FIG. 5 is a circuit schematic of a second presently preferred embodiment of the FIG. 1 laser diode protection circuit.
FIG. 1 shows a node 10 within a single-mode optical fiber wideband network. The network includes a single-mode optical fiber 12, a photodetector 14 coupled to the optical fiber 12 to receive light energy and convert it into analog electrical signals, and a light energy emitting laser diode 16 also coupled to the optical fiber 12 for injecting light energy into the fiber 12. The laser diode 16 is connected between a node 17 and ground. A broadband linear RF signal amplifier 18 processes the analog electrical signals received from the photodetector 14 and couples a wideband modulating signal through a DC blocking capacitor C1 and through a voltage to current conversion resistor R1 to the laser diode 16. The amplifier 18 includes an AGC circuit which automatically adjusts the gain of the amplifier to put out a minus 1.0 dBm driving signal (e.g. 560 millivolts, peak-to-peak across 50 ohms) irrespective of incoming signal level. In this manner, compensation is provided automatically for variations in average light energy levels due to ageing of the laser diodes of the network for example.
While the RF amplifier 18 is depicted in FIG. 1 as a repeater amplifier within the network, it may likewise be at the transmission origination end and actually generate one or more frequency modulated subcarriers within the 40 to 400 MHz bandwidth of the network. Or, in response to a locally supplied signal on a line 19, it may generate and inject one or more additional subcarriers into the network at a location intermediate the ends thereof, as well as amplify the other energy components received at the photodetector 14.
A DC bias supply 20 is connected directly to the laser diode 16 in order to provide a constant current I2 for establishing a quiescent operating point at the midrange of a linear portion of the transfer characteristic of the laser diode, shown as point QP in FIG. 4. The RF signal put out by the wideband amplifier circuit 18 adds to and subtracts from the current I2 and thereby causes the laser diode to put out an intensity modulated light beam.
A protection circuit 22 in accordance with the principles of the present invention generates and puts out a protection current Iprot to the laser diode 16 in response to a signal put out by the amplifier 18 in excess of a predetermined level, such as 10 db over nominal driving signal level (-2dbm). The protection current Iprot is put out within several nanoseconds of detection of excess excitation and reverse biases the laser diode 16 and sumps the bias current I2 to ground, thereby protecting the laser diode 16 against excessive drive over time. The protection circuit 22 also preferably protects the laser diode I6 against reverse conduction potentials in excess of a predetermined nominal rating voltage, typically two volts, and it further protects the laser diode 16 against electrostatic discharges and potentials. These functions are accomplished by the protection circuit 22 without any noticeable degradation of the linearity of the driving signal when it is within nominal amplitude levels.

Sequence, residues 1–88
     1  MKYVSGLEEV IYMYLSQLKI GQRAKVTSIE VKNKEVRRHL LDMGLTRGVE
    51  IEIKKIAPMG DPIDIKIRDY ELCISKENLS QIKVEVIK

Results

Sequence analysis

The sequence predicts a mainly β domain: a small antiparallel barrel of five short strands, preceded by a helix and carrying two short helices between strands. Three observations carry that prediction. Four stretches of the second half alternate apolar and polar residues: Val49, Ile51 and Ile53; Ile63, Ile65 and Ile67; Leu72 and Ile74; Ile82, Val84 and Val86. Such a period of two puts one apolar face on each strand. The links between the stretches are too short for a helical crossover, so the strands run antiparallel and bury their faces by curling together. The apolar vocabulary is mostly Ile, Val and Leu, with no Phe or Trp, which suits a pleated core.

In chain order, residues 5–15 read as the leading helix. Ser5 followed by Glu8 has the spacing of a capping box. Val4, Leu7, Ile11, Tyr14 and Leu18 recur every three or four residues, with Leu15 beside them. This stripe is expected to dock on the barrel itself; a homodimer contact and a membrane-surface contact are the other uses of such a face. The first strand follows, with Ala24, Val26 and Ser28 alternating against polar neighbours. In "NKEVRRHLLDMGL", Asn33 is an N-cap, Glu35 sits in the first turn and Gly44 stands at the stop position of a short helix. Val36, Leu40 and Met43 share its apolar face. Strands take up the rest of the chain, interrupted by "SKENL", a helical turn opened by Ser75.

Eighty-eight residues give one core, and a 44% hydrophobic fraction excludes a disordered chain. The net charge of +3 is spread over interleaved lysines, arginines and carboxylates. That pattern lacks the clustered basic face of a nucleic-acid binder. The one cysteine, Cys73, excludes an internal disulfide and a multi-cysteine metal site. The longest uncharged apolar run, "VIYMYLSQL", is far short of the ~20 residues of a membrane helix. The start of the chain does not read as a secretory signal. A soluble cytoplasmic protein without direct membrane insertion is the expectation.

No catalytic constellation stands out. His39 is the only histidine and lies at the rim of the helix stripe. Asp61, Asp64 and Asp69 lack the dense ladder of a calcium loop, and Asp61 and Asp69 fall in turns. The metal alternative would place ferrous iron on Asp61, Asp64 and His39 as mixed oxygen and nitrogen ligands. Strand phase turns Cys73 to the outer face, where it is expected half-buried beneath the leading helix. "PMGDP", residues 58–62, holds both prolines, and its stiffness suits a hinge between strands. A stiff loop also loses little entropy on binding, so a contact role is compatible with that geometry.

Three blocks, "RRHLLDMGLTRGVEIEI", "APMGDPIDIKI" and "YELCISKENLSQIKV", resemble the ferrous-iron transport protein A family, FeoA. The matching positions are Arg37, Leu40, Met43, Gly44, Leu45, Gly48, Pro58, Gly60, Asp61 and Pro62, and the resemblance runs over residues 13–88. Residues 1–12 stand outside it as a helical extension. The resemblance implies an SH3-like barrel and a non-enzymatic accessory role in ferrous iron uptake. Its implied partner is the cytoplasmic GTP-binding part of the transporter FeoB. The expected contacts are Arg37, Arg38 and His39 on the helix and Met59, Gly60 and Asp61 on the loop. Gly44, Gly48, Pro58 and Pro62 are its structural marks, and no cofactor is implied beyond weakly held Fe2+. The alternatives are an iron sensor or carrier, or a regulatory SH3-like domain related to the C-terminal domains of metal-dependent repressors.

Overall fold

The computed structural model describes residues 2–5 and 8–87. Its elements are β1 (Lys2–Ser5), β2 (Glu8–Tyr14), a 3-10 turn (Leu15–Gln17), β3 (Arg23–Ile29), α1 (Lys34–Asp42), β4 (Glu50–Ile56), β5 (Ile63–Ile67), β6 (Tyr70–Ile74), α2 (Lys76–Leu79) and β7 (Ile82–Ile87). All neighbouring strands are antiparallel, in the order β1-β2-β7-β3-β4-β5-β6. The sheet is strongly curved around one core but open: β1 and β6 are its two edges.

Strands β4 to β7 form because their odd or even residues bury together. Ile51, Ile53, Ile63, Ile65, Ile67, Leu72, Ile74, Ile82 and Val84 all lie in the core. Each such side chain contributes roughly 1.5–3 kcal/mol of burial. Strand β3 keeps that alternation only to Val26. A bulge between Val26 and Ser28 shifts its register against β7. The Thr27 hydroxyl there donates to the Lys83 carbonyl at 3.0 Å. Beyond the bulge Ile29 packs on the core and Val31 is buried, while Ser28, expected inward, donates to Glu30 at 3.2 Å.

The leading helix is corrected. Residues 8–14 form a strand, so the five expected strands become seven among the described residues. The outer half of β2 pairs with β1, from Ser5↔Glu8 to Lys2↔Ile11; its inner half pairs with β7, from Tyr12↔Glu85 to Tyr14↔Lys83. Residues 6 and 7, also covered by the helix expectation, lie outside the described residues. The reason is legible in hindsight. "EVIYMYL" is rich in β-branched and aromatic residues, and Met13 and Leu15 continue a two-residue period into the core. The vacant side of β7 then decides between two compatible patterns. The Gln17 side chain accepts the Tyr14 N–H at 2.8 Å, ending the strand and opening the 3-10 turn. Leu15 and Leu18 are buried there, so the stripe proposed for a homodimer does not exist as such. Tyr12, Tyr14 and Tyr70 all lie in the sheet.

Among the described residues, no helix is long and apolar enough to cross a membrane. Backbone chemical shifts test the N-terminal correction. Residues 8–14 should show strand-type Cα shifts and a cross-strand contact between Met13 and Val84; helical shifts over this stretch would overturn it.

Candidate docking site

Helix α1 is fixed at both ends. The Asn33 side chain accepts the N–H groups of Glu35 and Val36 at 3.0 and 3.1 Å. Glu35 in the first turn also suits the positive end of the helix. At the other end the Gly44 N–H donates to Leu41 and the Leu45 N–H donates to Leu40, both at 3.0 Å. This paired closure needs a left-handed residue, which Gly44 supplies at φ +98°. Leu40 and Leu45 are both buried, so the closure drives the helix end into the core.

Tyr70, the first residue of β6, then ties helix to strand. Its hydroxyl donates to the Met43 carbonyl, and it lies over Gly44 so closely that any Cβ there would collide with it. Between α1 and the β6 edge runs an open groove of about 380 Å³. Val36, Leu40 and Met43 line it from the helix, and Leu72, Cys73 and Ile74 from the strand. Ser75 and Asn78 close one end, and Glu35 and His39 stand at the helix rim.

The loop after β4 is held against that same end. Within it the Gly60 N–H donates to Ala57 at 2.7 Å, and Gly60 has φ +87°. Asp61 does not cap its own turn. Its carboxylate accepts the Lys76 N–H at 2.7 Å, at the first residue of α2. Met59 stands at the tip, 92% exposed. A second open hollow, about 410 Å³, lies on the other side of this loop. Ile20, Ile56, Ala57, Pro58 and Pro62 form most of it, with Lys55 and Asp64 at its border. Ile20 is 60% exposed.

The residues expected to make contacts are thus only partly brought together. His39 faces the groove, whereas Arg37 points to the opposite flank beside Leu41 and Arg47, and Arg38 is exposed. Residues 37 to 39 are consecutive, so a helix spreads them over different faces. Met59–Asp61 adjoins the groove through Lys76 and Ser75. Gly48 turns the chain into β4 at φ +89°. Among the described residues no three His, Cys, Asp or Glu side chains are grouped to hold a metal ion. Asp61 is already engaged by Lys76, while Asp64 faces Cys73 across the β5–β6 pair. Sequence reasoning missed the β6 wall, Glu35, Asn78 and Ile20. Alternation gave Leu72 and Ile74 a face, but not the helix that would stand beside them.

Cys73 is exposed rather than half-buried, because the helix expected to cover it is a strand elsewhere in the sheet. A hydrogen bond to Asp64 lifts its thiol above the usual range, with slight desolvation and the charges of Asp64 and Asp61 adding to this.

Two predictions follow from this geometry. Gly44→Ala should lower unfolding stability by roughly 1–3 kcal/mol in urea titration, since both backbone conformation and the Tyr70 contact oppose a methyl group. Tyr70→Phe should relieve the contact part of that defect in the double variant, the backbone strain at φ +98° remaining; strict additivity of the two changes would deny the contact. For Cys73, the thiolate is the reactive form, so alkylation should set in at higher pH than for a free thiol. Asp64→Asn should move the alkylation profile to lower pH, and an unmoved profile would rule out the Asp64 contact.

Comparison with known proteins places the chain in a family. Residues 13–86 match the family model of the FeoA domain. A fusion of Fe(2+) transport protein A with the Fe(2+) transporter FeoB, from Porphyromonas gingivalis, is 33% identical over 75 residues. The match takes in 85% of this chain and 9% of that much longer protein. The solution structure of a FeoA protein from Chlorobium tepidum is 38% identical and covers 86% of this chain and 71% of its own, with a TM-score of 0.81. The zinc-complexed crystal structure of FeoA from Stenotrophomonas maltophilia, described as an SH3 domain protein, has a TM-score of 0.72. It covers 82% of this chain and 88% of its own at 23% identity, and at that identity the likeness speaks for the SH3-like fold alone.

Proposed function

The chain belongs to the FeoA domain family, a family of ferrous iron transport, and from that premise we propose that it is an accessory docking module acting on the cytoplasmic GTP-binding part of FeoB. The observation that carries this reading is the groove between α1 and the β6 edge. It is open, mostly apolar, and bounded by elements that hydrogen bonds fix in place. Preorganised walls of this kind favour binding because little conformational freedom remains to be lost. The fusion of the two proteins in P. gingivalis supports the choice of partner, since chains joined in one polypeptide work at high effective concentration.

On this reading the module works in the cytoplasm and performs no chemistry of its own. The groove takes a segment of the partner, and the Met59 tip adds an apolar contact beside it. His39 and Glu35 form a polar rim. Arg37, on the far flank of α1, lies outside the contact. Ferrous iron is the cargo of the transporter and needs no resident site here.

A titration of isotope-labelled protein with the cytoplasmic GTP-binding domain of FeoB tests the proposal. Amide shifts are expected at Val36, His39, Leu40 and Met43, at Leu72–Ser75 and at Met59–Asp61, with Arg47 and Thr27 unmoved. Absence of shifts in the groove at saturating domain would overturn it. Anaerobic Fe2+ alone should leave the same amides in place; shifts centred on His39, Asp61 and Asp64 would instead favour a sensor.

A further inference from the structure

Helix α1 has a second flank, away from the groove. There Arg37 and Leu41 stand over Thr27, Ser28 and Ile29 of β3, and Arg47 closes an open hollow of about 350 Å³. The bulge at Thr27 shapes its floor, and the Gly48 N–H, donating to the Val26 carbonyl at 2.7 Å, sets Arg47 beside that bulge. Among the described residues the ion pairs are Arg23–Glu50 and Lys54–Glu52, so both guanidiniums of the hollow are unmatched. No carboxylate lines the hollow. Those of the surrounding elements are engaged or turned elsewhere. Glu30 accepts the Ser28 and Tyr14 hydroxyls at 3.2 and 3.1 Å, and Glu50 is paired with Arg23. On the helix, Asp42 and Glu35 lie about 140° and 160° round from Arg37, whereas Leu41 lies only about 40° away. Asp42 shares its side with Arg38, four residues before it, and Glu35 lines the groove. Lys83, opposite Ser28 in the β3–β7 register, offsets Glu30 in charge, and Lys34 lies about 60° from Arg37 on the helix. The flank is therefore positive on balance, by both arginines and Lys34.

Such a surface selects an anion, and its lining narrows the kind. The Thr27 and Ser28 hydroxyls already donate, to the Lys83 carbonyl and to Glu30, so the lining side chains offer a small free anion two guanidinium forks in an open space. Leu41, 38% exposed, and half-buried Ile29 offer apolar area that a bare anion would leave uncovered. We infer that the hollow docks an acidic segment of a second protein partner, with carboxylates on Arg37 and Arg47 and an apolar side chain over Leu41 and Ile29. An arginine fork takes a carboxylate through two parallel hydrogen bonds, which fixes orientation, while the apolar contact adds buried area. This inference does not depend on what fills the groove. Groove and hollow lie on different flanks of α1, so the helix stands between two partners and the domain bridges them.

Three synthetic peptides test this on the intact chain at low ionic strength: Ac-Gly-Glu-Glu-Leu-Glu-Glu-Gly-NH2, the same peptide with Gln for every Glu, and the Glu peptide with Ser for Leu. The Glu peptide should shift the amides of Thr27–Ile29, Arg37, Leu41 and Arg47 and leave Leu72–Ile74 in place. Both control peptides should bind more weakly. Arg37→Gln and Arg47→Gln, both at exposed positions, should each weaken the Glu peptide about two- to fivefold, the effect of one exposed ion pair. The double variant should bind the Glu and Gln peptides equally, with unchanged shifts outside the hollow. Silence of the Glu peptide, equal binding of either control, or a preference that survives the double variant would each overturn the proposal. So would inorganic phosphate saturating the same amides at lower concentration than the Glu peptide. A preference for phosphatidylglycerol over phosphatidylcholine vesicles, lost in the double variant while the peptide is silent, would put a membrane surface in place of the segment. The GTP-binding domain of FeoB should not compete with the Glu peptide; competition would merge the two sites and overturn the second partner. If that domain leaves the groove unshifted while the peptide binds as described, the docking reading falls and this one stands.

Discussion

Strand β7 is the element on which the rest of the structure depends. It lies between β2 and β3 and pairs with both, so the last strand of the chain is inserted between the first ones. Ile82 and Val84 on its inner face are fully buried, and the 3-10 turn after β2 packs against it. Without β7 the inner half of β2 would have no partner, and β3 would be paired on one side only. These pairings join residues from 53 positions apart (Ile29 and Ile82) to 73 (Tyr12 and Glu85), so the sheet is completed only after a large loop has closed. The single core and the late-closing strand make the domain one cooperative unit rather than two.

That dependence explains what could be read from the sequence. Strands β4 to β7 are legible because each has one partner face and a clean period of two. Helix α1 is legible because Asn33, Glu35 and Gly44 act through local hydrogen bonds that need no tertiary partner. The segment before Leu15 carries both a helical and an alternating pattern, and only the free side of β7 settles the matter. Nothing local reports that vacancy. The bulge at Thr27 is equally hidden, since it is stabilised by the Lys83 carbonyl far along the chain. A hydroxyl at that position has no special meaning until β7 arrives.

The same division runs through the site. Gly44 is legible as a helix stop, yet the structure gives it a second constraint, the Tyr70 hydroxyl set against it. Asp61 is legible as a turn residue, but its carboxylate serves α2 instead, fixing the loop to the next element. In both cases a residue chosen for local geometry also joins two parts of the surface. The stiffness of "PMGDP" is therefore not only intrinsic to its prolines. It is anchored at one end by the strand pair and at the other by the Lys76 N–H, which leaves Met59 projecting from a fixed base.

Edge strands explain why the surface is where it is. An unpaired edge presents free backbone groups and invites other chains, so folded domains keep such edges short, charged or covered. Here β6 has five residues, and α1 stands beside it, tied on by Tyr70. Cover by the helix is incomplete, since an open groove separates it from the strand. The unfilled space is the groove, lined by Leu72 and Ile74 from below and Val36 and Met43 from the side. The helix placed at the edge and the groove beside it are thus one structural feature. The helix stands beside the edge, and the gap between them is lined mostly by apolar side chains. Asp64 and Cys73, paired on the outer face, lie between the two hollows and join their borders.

FIG. 2 sets forth a schematic circuit diagram illustrating the structure of one presently preferred embodiment of the protection circuit 22. Capacitor C2 couples the incoming RF signal from the voltage source (amplifier 18) to a noninverting input of an RF amplifier RFA. The RF amplifier RFA is coupled to a base of a transistor Q1 of a differential amplifier comprising transistors Q1 and Q2 and a constant current source CCS which supplies a constant current I1 to the emitters of the transistors Q1 and Q2. The transistors Q1 and Q2 are very high speed NPN switching transistors having their collectors connected to a positive voltage rail provided from a voltage supply VS1. The collector of the transistor Q1 is connected directly to the voltage rail, while the collector of the transistor Q2 is connected to the voltage rail through a resistor 3.
Under normal quiescent conditions, the base c,f the transistor Q1 is held at ground potential by the resistor R2 and Q1 does not conduct. A positive bias voltage from a constant voltage source VR is applied to the base of the transistor Q2. This bias voltage causes the transistor Q2 to conduct which creates a voltage drop across its collector resistor R3.
The collector of transistor Q2 is connected directly to the base of a very high speed PNP switching transistor Q3 having its emitter connected to the positive voltage rail through a resistor R4 and having its collector connected through a resistor R5 to a series array of diodes D1 and D2 leading to ground. The diodes D1 and D2 are preferably PIN diodes mounted in very low capacitance packages. The diode D2 is connected in parallel in reverse bias arrangement across the laser diode, i.e. the cathode of the diode D2 leads to ground, whereas the anode of the laser diode 16 leads to ground. The node between the diodes D1 and D2 is common with the node 17 of the laser diode 16. When Q2 is conducting (during nominal operating conditions) the voltage at its collector (and at the base of the transistor Q3) approaches ground potential, which causes Q3 to be cut off from conduction.
When a positive going peak of the RF signal at the base of the transistor Q1 exceeds the threshold established by the bias voltage VR at the base of the transistor Q2, transistor Q1 conducts, and transistor Q2 ceases to conduct, thereupon causing the voltage at its collector to approach the positive rail and causing the transistor Q3 to conduct. When the transistor Q3 conducts, the PIN diodes D1 and D2 become forward biased. The peak collector current of the transistor Q3 provides the protection current Iprot which is of sufficient magnitude to clamp the node 17 at about plus one volt, which is the voltage drop across the PIN diode D2 in forward conduction. This plus one volt potential reverse biases the laser diode 16 within a safe range and causes it to cease light emission, thereby protecting it from overload.